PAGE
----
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Durham University

Department of Anthropology

Academic Staff

Publication details for Professor Russell Hill

Atickem, A., Simeneh, G., Bekele, A., Mekonnen, T., Sillero-Zubiri, C., Hill, R.A. & Stenseth, N.C. (2017). African wolf diet, predation on livestock and conflict in the Guassa Mountains of Ethiopia. African Journal of Ecology 55(4): 632-639.

Author(s) from Durham

Abstract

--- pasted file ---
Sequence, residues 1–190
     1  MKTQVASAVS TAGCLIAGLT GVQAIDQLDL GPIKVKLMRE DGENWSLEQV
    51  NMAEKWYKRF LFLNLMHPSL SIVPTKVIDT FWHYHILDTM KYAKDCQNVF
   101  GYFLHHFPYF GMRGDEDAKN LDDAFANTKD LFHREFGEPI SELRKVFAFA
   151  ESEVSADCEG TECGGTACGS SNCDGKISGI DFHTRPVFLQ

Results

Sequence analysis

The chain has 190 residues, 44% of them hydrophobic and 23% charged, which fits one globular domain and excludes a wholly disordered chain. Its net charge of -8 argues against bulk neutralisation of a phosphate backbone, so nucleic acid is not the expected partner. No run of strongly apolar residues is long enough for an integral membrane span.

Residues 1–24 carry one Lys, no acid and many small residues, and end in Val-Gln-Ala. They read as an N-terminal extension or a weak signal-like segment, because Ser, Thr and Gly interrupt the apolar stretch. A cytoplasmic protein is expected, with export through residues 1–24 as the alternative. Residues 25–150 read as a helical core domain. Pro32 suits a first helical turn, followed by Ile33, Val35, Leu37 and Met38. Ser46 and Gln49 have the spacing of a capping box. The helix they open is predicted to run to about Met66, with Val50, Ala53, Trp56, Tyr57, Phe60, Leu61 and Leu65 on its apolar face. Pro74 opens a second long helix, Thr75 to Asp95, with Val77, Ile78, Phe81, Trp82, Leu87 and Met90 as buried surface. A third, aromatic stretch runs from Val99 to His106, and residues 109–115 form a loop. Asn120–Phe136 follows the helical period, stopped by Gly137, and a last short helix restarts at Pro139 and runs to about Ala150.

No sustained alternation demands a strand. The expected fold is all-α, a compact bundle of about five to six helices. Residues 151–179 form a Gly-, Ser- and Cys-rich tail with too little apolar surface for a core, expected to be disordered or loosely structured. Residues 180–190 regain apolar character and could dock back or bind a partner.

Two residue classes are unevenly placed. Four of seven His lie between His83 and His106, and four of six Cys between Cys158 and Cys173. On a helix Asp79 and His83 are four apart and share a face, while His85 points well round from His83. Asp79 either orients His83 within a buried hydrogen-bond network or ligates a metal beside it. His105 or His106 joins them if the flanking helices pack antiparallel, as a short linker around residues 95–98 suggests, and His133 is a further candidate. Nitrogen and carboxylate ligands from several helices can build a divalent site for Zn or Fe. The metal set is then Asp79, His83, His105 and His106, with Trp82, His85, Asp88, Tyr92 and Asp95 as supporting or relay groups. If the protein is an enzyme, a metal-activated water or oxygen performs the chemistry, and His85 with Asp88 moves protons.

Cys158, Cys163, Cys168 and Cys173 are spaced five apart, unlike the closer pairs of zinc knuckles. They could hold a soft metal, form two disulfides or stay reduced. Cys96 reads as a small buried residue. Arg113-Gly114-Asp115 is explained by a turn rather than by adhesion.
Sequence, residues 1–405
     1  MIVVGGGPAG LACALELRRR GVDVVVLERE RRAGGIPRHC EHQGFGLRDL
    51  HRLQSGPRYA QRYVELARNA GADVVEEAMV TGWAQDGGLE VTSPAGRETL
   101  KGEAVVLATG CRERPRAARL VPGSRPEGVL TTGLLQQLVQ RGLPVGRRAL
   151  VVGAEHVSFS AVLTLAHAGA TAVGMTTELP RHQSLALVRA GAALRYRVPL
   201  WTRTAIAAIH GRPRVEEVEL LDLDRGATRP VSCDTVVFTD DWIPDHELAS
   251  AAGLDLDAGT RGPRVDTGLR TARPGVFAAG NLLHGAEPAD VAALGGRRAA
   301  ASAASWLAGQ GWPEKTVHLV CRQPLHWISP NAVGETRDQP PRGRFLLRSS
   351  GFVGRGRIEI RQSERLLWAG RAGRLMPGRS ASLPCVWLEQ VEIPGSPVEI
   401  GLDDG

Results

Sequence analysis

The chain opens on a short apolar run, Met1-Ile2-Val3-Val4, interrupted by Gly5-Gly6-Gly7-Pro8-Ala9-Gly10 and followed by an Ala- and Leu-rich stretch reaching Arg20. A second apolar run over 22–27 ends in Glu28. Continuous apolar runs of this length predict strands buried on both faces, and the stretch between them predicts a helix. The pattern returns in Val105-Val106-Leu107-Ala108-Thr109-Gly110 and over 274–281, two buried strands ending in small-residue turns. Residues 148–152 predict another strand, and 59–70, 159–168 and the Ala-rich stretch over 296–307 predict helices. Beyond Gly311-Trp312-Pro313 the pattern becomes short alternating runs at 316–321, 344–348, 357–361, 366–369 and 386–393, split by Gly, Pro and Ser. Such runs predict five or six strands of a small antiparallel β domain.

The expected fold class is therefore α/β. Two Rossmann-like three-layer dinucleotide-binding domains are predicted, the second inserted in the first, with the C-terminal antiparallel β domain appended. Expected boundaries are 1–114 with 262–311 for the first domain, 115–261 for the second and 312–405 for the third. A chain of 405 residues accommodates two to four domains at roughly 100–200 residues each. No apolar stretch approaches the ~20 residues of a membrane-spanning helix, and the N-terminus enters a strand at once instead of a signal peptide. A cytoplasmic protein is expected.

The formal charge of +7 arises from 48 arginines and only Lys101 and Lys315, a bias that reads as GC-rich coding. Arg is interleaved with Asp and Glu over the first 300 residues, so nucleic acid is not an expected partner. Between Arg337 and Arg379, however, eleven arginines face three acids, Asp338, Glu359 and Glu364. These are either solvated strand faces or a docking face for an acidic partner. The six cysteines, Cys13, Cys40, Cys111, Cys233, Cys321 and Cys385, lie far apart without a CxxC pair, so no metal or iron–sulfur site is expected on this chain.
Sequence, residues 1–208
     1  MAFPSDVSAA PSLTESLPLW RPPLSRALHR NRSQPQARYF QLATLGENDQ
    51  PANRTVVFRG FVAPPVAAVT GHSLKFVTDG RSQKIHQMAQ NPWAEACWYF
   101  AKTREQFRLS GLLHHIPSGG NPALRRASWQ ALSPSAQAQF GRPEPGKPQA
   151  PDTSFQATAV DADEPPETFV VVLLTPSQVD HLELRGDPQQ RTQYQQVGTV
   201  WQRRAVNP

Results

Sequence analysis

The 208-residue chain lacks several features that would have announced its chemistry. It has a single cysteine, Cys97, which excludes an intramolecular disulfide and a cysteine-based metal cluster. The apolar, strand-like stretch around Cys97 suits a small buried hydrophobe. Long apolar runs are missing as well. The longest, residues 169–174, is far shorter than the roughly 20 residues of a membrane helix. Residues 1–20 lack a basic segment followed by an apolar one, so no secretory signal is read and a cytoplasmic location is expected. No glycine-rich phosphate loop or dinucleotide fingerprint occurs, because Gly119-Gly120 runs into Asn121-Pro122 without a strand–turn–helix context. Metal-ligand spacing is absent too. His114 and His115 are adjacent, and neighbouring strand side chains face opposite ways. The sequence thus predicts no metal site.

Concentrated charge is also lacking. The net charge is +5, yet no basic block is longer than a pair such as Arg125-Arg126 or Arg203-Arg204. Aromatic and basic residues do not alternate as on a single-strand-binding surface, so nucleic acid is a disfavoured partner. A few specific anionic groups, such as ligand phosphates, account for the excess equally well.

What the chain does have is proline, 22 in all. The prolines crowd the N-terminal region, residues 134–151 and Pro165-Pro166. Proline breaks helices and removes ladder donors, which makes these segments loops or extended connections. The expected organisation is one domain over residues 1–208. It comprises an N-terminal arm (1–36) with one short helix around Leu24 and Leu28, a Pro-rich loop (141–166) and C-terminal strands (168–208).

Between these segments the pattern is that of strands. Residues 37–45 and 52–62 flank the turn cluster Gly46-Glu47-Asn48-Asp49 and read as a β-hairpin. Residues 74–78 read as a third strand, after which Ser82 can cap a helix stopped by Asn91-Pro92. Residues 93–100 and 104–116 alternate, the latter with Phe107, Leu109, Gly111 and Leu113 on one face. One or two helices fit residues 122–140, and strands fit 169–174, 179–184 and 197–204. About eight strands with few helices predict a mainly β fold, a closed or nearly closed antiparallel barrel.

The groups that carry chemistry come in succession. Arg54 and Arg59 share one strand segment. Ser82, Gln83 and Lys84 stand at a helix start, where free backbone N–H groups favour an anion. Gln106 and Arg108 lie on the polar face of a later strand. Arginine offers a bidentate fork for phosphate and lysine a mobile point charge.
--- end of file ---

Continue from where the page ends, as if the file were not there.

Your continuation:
The African wolf (Canis lupus lupaster) was first identified in 2011 in the Ethiopian highlands, with its status as a new species confirmed in 2015. We studied the diet of a confirmed African wolf population in the Menz-Guassa Community Conservation Area of central Ethiopia from scat samples collected by den sites from August to November 2010. Rodents were found to be the principal food items occurring in 88.1% of scats (n = 101), followed by plant material (34.7%) and insects (21.8%). Information on reported livestock predation and ensuing conflict with the agro-pastoral community was obtained through a questionnaire survey. Interview respondents listed the African wolf as the most serious predator of livestock, accounting for 74.6% of the reported kills (n = 492) and 78.9% of the economic loss. Over 70% of reported livestock predation occurred during the dry season (January–April). Better livestock management during this period may significantly reduce conflict. As sympatric Ethiopian wolves primarily feed on rodents, further studies on the foraging ecology, niche overlap and interspecific interactions between the two species should be studied to determine the extent of competition between the two species.